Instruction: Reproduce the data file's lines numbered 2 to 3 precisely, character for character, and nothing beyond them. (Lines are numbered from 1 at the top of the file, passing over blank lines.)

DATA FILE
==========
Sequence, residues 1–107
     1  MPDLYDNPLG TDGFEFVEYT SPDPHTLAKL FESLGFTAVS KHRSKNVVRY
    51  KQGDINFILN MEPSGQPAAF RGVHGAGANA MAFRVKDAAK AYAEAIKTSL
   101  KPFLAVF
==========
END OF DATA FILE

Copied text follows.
     1  MPDLYDNPLG TDGFEFVEYT SPDPHTLAKL FESLGFTAVS KHRSKNVVRY
    51  KQGDINFILN MEPSGQPAAF RGVHGAGANA MAFRVKDAAK AYAEAIKTSL